Was there a murder case while you were growing up or in your young adult life that captured your attention and made crime/mystery writing even more alluring to you?

INGRID:  YES!  Hank, you’ll remember this one: The Charles Stuart case had the whole city of Boston enthralled.  Charles Stuart and his wife were ambushed one night in their car, and his wife and unborn child were murdered.  Stuart claimed a black man perpetrated the crime, and the Boston Police Department banged down every door in certain neighborhoods to find the man.  It turns out that Stuart killed his pregnant wife, and when the facts began to emerge, he killed himself by jumping off the Tobin Bridge.  It was a tragic, fascinating case, the stuff of “Dateline.”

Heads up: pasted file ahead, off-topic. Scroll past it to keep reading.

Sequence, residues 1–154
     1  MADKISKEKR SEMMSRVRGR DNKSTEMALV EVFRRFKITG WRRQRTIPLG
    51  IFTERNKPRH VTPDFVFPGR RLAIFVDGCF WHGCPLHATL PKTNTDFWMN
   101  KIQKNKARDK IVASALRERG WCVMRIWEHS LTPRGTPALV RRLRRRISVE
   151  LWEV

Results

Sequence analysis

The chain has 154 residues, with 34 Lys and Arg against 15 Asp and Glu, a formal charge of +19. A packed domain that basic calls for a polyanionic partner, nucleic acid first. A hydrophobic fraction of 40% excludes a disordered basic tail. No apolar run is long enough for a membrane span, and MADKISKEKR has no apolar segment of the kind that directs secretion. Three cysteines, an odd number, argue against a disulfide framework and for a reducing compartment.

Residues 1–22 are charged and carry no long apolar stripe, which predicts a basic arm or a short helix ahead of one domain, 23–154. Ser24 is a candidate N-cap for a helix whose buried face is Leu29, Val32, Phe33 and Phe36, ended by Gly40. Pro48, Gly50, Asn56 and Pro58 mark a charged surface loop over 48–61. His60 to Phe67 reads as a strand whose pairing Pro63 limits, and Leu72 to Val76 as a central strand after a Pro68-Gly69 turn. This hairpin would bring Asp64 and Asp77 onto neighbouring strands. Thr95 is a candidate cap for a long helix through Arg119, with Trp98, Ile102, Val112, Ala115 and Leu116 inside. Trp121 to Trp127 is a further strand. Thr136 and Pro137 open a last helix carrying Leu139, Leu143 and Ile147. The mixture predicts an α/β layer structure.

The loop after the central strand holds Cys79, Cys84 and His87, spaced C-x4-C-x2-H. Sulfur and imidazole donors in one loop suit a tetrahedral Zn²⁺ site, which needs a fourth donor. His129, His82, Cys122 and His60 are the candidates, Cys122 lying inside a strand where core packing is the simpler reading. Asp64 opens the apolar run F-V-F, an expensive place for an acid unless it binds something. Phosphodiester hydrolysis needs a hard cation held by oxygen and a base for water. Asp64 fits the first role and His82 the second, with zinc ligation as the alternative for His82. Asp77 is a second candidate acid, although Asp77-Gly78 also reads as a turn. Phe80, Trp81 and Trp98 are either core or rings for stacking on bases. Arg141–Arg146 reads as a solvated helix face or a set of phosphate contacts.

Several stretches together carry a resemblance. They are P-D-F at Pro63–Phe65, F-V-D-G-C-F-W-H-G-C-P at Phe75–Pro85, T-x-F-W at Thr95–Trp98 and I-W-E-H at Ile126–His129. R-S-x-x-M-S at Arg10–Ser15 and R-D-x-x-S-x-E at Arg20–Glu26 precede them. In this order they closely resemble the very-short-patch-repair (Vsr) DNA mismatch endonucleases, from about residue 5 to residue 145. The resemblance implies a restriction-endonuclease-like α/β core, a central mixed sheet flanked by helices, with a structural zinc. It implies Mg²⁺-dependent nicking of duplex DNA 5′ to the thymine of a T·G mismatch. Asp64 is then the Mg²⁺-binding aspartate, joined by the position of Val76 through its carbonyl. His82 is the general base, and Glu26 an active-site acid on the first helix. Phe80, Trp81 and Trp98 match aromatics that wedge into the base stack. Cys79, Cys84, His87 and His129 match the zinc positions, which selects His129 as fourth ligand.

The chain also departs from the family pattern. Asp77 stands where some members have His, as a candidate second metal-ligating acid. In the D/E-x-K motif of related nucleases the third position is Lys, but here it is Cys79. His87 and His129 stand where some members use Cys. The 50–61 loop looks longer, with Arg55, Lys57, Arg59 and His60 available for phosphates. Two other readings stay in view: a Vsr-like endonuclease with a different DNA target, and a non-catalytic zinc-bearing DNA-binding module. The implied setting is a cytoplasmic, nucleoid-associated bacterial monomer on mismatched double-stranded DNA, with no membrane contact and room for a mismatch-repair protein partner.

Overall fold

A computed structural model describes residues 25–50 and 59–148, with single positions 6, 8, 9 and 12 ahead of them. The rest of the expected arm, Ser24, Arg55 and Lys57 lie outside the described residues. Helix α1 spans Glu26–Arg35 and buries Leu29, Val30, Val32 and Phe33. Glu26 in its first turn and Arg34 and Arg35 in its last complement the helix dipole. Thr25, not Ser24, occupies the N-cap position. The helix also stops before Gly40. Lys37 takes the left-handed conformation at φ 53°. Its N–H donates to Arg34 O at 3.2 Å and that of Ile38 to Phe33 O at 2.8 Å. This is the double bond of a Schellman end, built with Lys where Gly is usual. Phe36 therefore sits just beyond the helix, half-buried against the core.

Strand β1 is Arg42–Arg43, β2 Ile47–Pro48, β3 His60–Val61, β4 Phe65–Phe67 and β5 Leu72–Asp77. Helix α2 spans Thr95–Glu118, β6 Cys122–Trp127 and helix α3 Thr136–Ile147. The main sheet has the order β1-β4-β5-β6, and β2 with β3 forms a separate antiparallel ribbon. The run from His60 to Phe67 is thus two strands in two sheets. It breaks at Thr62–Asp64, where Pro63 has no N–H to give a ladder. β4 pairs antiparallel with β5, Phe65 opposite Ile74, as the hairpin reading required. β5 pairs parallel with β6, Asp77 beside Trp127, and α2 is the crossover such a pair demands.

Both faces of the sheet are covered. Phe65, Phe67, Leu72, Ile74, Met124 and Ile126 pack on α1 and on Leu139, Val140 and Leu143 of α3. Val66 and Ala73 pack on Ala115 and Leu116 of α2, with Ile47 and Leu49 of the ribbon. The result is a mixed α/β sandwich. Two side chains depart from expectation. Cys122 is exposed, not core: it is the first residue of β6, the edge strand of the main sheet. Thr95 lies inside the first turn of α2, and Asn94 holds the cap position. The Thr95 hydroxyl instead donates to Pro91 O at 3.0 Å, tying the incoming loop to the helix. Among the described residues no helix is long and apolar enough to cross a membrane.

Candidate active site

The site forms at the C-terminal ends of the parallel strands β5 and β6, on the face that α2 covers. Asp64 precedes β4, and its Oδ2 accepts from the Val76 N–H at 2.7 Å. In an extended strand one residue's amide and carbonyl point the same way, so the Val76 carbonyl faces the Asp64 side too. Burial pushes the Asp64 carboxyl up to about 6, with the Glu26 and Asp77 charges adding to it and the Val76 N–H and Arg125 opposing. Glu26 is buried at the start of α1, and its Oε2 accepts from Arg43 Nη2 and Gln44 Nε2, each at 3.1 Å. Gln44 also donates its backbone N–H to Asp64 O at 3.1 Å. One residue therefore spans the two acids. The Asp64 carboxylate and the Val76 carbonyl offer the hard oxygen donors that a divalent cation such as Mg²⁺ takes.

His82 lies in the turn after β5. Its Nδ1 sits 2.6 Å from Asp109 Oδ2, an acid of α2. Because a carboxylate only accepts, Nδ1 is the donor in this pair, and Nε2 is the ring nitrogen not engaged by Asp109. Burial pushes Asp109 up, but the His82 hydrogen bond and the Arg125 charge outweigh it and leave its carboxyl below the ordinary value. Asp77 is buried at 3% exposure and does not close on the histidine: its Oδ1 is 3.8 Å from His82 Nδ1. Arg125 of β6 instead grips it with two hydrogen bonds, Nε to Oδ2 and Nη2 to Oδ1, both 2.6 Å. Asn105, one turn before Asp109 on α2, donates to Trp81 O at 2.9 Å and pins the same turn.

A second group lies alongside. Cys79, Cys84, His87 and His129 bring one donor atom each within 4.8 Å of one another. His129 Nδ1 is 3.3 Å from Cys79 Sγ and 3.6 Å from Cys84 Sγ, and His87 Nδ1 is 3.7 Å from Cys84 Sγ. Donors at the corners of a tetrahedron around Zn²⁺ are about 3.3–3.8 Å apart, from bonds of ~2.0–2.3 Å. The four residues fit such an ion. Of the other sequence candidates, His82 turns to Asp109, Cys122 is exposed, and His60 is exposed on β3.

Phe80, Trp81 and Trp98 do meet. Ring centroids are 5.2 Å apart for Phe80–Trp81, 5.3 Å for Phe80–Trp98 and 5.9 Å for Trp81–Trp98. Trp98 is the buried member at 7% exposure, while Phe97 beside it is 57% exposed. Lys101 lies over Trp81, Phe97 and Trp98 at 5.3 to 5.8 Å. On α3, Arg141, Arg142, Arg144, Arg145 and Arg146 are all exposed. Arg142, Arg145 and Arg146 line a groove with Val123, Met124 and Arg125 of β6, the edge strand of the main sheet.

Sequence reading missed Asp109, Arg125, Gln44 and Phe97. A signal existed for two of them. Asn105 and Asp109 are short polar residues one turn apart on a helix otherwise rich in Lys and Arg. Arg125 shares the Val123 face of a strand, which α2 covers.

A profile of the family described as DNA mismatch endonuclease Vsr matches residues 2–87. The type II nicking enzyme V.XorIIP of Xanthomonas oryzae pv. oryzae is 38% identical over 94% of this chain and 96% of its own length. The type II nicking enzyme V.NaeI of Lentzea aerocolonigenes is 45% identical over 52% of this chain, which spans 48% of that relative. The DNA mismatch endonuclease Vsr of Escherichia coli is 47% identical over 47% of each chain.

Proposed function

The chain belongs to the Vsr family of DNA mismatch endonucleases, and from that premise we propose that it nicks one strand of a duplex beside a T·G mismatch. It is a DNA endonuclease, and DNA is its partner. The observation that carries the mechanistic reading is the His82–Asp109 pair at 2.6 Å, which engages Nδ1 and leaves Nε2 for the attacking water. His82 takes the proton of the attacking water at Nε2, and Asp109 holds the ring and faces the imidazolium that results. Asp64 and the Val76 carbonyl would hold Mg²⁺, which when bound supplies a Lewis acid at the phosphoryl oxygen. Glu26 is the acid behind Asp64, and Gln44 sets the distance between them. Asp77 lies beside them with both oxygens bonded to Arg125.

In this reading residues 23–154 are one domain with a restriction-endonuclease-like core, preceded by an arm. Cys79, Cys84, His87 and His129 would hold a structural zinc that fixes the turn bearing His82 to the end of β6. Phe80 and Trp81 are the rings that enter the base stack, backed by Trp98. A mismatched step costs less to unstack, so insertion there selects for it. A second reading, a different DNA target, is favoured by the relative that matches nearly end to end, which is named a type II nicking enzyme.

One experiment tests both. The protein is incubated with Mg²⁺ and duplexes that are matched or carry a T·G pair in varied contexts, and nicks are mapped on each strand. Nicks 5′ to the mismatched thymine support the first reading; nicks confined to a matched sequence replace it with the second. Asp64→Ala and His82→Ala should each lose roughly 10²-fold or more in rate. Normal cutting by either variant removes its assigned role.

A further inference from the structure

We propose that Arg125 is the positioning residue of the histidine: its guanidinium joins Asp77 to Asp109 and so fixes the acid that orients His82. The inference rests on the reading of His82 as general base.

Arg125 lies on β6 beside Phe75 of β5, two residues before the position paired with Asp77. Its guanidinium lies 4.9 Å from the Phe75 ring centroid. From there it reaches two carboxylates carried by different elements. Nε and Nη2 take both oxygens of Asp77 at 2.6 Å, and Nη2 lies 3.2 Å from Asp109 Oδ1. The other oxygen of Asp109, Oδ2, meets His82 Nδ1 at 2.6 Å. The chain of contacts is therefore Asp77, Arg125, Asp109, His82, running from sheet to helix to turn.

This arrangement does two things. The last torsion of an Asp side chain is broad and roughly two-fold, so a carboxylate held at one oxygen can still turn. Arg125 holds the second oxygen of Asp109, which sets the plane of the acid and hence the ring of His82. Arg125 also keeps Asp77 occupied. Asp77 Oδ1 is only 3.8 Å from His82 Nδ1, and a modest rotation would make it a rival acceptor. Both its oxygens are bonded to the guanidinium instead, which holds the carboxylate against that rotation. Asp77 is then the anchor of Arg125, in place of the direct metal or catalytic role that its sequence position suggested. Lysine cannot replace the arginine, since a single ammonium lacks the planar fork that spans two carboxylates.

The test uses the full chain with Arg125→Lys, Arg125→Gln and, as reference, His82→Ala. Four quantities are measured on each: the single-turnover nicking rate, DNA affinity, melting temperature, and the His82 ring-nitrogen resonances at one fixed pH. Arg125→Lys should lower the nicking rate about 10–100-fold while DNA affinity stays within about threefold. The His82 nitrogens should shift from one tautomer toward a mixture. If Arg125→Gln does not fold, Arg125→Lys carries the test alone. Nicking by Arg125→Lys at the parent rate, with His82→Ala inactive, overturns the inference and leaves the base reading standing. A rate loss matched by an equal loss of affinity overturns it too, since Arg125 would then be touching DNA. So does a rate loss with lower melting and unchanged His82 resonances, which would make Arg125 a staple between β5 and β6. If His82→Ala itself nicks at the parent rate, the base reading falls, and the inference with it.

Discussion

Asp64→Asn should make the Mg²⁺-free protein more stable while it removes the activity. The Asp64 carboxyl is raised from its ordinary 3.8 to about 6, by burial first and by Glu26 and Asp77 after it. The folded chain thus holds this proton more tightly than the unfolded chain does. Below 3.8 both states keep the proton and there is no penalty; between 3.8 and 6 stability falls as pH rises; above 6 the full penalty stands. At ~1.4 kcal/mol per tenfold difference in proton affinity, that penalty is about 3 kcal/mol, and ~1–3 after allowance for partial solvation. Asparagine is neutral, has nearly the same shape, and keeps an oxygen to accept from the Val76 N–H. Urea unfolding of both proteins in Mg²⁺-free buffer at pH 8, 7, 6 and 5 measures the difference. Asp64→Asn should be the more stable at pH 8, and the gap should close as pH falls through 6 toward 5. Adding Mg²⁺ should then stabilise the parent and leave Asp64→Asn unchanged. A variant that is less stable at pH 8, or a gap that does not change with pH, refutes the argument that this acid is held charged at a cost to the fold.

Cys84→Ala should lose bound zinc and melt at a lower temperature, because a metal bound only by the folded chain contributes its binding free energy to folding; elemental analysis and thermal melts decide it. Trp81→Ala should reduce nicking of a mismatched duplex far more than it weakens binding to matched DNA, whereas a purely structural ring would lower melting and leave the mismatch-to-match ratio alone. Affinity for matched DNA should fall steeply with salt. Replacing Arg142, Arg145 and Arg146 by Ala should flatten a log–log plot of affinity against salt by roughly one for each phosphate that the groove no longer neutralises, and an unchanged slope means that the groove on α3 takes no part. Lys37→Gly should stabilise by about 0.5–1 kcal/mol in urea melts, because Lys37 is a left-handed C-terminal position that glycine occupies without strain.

((Hank: yes, I covered this forTV! And I cannot tell you haw hilarious it is to hear that this happened in your “young adult life.” Ahhhh.

JENN:  None that I can think of but perhaps on a subconscious level?

From Lucyelmer 
Where do you write?
INGRID:  At a desk in my home office with a lovely view.  I’m very close to Pike Place Market where I do my errands and pop out for fresh air and a dose of humanity.
JENN: Where do I write?  Standing up at my kitchen counter. Weird, I know.
(Hank—really? I think that calls for a follow up question…uh, how did that start? Tell us in the comments…)

From Daniele K
What's next for you both?
INGRID:   Next week, I go on tour for DUPLICITY and then I’m coming home and sleeping!  After that, I need to get cracking on a stand alone that I have in the works.